• Strep Throat

    (Bacterial Sore Throat)


    Strep throat is an infection in the throat caused by bacteria.
    Sore Throat Due to Inflammation
    Copyright © Nucleus Medical Media, Inc.


    Strep throat is caused by specific bacteria. The bacteria enter through inhaled air droplets and grow in the throat causing the infection and symptoms.
    The strep bacteria is spread by airborne droplets. This occurs with coughing or sneezing from infected people, or by touching a contaminated surface then touching your eyes, nose, or mouth.

    Risk Factors

    Strep throat is more common in children and adolescents. Other factors that increase your chance of strep throat include:
    • Exposure to family member or friend who has strep throat
    • Crowded living situations
    • Having strep living in the throat—occurs in 15% to 30% of people


    Strep throat may cause:
    • Red, sore throat with white patches
    • Headache
    • Swollen, sore glands in the neck
    • Fever
    • Red spots on the roof of the mouth
    • Painful, difficult swallowing
    • Chills
    • Fatigue
    • Nausea and possibly vomiting
    • Decreased appetite
    • Rash
    • Muscle aches, especially in the neck, and abdominal pains, especially in younger children
    • Swelling in back of mouth
    Complications of untreated strep throat can be serious and include:
    Post-streptococcal glomerulonephritis is also rare, but it can occur, even with treatment


    Your doctor will ask about your symptoms and medical history. A physical exam will be done. Tests to confirm strep throat may be used and include:
    • Rapid antigen strep screen—Antigens are a part of the body's immune response to specific infection. This test can identify antigens within a few minutes of the test. However, a negative test does not mean you do not have strep throat (this is called a false negative).
    • Throat culture—A sample of throat fluid is taken to a lab to see if strep bacteria grows. It takes a few days to gets results.
    • Rapid DNA test—DNA technology is used to detect strep throat. The results are usually available in one day.
    Only a rapid DNA test or throat culture can confidently distinguish strep throat from throat infections with other causes. Doctors will often make a diagnosis and decide about treatment based on symptoms, physical findings, and test results.


    Most sore throats, including strep throat, will get better on its own in 7-10 days. Although the sore throat disappears, the infection may remain. It is important to follow through with proper treatment to prevent serious complications.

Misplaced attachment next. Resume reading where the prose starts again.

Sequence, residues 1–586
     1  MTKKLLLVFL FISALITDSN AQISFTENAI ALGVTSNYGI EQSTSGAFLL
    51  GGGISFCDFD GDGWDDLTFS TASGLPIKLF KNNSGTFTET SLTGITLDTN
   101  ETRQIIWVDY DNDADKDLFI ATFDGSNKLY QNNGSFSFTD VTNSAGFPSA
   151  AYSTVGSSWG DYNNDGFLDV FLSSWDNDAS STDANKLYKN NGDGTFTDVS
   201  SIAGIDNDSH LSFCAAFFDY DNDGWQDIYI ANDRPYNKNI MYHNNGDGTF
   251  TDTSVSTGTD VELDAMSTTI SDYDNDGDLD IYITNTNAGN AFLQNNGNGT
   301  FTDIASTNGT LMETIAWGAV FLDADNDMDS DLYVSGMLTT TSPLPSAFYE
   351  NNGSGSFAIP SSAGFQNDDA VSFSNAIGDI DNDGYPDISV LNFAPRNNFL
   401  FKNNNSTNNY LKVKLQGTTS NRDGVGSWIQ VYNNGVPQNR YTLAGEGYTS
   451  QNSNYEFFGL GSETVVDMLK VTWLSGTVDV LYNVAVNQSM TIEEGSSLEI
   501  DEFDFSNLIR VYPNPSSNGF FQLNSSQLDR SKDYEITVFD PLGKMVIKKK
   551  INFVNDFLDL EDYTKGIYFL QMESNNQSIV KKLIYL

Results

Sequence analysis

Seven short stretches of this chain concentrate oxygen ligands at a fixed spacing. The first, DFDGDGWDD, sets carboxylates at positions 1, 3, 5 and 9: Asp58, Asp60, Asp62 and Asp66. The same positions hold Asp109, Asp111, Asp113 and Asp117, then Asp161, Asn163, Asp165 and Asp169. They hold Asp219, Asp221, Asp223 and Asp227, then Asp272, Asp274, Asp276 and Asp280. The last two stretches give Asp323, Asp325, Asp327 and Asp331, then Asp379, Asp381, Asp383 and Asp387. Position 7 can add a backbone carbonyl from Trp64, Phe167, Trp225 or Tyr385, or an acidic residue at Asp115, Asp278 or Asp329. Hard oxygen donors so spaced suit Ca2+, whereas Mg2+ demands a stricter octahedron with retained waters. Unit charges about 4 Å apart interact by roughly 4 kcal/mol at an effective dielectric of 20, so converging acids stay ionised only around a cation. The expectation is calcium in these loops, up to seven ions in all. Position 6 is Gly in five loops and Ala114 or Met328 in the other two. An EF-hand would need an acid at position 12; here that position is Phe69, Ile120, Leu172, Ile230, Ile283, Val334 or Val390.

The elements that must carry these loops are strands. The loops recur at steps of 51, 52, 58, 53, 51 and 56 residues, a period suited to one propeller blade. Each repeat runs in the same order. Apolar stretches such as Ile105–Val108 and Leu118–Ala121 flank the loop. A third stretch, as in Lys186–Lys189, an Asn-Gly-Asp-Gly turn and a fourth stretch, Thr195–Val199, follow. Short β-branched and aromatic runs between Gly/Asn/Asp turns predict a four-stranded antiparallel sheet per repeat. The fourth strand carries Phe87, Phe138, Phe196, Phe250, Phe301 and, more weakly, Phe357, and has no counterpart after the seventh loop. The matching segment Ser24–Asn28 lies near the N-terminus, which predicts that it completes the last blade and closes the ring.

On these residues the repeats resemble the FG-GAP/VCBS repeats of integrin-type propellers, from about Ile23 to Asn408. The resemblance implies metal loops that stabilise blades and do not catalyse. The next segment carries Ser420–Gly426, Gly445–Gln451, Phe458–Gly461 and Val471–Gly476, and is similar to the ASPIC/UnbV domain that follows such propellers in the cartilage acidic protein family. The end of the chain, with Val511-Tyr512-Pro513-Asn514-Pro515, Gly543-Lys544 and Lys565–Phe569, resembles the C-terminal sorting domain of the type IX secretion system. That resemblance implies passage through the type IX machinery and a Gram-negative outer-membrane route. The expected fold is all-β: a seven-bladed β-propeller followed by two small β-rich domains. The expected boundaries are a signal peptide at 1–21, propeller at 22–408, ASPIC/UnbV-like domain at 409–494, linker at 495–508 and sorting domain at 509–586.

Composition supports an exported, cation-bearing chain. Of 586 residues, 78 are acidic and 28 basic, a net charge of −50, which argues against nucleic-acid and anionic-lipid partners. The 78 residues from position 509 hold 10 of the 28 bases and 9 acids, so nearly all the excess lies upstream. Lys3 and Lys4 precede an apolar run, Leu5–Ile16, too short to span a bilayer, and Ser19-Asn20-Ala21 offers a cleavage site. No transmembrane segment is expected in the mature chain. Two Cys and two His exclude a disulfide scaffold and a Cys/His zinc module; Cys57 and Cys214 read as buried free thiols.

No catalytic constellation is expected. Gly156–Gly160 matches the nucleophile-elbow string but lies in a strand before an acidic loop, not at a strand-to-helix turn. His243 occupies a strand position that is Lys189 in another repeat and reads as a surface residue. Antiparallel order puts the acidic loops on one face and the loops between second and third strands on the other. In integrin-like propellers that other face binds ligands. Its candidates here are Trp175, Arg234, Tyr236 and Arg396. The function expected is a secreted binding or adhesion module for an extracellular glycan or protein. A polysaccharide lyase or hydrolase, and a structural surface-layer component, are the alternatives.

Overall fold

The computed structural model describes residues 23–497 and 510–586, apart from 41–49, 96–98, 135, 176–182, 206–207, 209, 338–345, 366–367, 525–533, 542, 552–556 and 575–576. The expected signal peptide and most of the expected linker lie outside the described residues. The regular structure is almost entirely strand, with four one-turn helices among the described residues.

Your doctor will prescribe antibiotics to treat the infection. Antibiotics may be given as a pill or a shot. Symptoms will often fade in the first few days of medication, but it is important to take all of the antibiotics as prescribed.
    Your doctor may advise over-the-counter pain relievers and fever reducers to ease symptoms.
    Note: Aspirin is not recommended for children with a current or recent viral infection. Check with your doctor before giving your child aspirin.


    To help reduce your chance of getting strep throat:
    • Wash your hands carefully.
    • Don't share beverages or food.
    • Avoid exposure to other people who may have a strep infection.
    • Replace your toothbrush after starting antibiotic treatment to prevent re-infecting yourself.


    American Academy of Otolaryngology—Head and Neck Surgery http://www.entnet.org

    Family Doctor—American Academy of Family Physicians http://familydoctor.org


    About Kids Health—The Hospital for Sick Children http://www.aboutkidshealth.ca

    Health Canada http://www.hc-sc.gc.ca


    Choby BA. Diagnosis and treatment of streptococcal pharyngitis. Am Fam Physician. 2009;79(5):383-390.

    Ebell MH, Smith MA, Barry HC, Ives K, Carey M. Does the patient have strep throat? JAMA. 2000; 284(22):2912-2918.

    Montagnani F, Stolzuoli L, Croci L, et al. Erythromycin resistance in Streptococcus pyogenes and macrolide consumption in a central Italian region. Infection. 2009 Aug;37(4):353-357.

    Neuner JM, Hamel MB, Phillips RS, Bona K, Aronson MD. Diagnosis and management of adults with pharyngitis. A cost effectiveness study. Ann Intern Med. 2003;139:113-122.

    Pace B. JAMA patient page. Strep throat. JAMA. 2000;284(22):2964.

    Ressel G. Practice guidelines: Principles of appropriate antibiotic use: part IV: Acute pharyngitis. Am Fam Physician. 2001;64(5):870-875.

    Sore throats. American Academy of Otolaryngology—Head and Neck Surgery website. Available at: http://www.entnet.org/content/sore-throats. Accessed August 10, 2015.

    Streptococcal pharyngitis. EBSCO DynaMed Plus website. Available at: http://www.dynamed.com/topics/dmp~AN~T115782/Streptococcal-pharyngitis. Updated July 20, 2016. Accessed August 10, 2016.

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